In menu bar, click Window -> Show View -> Other...
    When 'Show View' window pops up, select Maven -> Maven Repositories
    In Maven Repositories window, You should see your project as jar file in Local Repositories -> Workspace Projects
    If you can not find your project in Workspace Projects, right click on Workspace Projects and select Rebuild Index.

  2. Update maven of an referencing project

    Right click on the referencing project, Maven -> Update Project... -> OK

1

You also need to make sure that you are running the correct goals.

If you don't run the install goal then it won't be copied to your repository and won't compile.

To learn more about goals have a look at https://maven.apache.org/guides/introduction/introduction-to-the-lifecycle.html

  • The OP is about getting the dependencies resolved from the Eclipse workspace, not the local repository - or more precisely: how to resolve dependencies in the local workspace without installing them. – Guss Jul 7 at 9:06
1

With kudos to @nwinkler's response, the main problem is matching the version number.

A common scenario is that if you are developing a set of projects that are version lock-steped with each other - for example, a project and a set of library projects that are not very loosely coupled, such that a library API might change in a version to be consumed by the relevant app project version, but may change in a way that is incompatible with a past or future version of the app project.

The correct way to set Maven dependencies in such a configuration (and it is also the recommended practice) is to have the app consume specific versions of the libraries - so, for example, if you rebuild an old version of the app, it will use the library version that it previously compiled with.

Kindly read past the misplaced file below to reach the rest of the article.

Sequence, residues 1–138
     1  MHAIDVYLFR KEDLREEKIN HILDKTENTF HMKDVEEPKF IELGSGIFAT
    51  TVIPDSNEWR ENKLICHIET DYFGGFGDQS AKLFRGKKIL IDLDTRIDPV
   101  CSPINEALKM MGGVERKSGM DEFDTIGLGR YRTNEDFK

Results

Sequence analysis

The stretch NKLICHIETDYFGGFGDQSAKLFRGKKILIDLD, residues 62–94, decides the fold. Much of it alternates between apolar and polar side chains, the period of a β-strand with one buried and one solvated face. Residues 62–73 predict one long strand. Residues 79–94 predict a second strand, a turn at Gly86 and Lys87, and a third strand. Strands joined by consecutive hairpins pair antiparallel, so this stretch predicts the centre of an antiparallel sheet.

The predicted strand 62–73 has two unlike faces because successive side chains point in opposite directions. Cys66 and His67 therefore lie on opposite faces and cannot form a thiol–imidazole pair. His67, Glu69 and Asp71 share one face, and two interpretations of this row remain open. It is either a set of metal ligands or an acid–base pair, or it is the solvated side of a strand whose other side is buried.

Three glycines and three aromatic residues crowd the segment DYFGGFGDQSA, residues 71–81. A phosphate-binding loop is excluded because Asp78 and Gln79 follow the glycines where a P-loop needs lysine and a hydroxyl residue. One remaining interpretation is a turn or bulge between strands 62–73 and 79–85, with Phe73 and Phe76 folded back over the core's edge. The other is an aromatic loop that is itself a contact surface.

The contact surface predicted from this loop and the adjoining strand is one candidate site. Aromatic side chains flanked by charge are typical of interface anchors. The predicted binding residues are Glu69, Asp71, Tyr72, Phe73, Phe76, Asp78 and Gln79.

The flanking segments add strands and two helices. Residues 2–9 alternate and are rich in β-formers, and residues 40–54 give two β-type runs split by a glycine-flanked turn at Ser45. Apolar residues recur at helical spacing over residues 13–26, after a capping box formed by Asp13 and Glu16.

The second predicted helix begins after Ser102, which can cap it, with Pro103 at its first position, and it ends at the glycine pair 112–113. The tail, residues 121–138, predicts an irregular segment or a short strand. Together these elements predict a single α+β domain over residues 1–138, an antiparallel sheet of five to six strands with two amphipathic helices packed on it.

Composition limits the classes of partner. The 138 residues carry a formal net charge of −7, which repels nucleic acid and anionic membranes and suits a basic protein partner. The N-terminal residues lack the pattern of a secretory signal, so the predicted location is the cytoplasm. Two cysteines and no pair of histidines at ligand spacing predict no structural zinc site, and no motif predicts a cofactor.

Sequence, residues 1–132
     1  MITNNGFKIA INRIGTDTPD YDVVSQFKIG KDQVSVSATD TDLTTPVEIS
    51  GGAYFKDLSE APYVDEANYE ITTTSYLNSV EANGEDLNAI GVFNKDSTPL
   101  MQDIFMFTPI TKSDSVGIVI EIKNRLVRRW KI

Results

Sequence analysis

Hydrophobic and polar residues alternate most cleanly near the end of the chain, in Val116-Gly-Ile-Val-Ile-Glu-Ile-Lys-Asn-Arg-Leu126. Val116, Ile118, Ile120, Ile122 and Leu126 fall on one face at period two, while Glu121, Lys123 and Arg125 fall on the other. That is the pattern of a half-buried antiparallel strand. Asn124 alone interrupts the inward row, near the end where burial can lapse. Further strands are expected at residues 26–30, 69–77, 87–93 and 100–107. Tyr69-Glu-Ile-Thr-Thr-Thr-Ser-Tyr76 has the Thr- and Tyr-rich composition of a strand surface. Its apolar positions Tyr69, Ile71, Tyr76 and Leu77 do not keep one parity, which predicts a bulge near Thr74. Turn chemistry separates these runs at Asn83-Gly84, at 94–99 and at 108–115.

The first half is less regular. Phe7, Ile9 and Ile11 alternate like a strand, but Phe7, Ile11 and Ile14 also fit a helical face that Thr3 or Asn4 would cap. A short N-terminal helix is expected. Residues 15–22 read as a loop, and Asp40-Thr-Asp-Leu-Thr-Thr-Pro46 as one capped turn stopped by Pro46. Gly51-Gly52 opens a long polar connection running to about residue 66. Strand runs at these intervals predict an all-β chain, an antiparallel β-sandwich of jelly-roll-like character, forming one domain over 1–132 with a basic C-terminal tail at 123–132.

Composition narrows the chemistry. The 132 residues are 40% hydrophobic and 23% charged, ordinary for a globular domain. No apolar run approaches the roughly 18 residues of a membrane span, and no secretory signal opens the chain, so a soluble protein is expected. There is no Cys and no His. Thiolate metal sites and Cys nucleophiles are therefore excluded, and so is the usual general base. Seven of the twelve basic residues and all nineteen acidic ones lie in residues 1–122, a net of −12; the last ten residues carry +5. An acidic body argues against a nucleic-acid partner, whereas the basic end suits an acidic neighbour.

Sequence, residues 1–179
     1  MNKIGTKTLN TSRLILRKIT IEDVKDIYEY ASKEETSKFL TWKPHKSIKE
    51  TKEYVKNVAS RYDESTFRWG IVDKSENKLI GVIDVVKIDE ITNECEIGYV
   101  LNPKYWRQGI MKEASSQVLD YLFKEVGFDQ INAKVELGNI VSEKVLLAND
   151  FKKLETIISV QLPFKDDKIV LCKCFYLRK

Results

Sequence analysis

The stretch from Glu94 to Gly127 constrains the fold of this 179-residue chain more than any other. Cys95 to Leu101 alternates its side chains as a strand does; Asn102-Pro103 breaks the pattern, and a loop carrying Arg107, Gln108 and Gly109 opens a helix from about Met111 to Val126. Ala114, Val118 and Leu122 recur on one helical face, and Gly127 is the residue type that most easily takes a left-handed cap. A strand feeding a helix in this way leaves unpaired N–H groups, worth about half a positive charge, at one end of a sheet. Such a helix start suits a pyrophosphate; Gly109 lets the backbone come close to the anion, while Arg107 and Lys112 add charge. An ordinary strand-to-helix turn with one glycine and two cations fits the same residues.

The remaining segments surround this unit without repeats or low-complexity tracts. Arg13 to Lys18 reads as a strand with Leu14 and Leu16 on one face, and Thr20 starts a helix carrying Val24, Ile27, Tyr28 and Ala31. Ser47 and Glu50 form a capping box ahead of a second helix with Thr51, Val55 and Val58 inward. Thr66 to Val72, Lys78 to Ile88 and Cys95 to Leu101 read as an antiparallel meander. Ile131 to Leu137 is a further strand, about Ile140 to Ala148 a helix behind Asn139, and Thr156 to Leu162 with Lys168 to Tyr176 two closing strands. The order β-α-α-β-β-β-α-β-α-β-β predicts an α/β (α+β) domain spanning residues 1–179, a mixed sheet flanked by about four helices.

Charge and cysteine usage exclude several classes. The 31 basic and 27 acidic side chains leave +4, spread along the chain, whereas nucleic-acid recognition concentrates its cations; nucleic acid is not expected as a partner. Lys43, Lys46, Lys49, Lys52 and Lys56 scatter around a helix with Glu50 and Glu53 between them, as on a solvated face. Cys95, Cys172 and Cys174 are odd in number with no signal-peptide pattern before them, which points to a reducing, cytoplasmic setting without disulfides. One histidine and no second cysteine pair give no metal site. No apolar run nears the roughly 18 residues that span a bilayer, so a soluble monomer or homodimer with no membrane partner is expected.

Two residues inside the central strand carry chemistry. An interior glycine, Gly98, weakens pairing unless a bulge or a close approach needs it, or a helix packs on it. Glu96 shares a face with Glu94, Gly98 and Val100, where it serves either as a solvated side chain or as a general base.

With the app project's POM library dependency set to a release version (lets say 1.0.0), and while working on the next release with both the app and library projects set to a SNAPSHOT release (lets say 2.0.0-SNAPSHOT), the m2e will not resolve the library version correctly, and will likely download an old version, so that trying to use Eclipse features like "Open Decleration" will target the download jar (sometimes without even a source attachment) which can be pretty annoying.

One way to work around that is to set the app POM dependency version to a range, so instead of depending on 1.0.0, you'd depend on [1.0.0-). With an open range like that, m2e will happily find your workspace library project. But you'd want to set it back to the "correct" version before committing, building and publishing - and this can be very error prone.

My solution is to use build profiles and set a custom profile for m2e, like this:

  • Set your dependency version with a property, to the version you want to publish against:
...

<properties>
<my.library.version>1.0.0</my.library.version>
</properties>

<dependencies>
  <dependency>
    <groupId>my.group</groupId>
    <artifactId>my.library</artifactId>
    <version>${my.library.version}</version>
  </dependency>
</dependencies>

...
  • Then add a profile section with an active by default profile that does nothing, and an Eclipse-specific profile that overrides the library version property with a range:
...

<profiles>
    <profile>
        <id>default</id>
        <activation><activeByDefault></activeByDefault></activation>
    </profile>

    <profile>
        <id>eclipse</id>
        <properties>
            <my.library.version>[1,)</my.library.version>
        </properties>
    </profile>
</profiles>

...
  • Finally go to your project properties, and under "Maven" type "eclipse" into "Active Maven Profiles":

enter image description here

  • Then "Apply and close".

Eclipse m2e will then always see the version range and will resolve dependencies from the eclipse project (even if you have the library installed in the local Maven repo, as the Eclipse project will have a higher version number), but other builders will see the original, strict, version number.

  • 1
    Nice catch @Guss! Just would like to add you don't really need a default empty active profile and there's a way to create a eclipse aware profile using m2e properties to activated it: <activation><property><name>m2e.version</name></property></activation>. This way is a little bit cleaner IMHO. Tks. – Reginaldo Santos Oct 3 at 16:29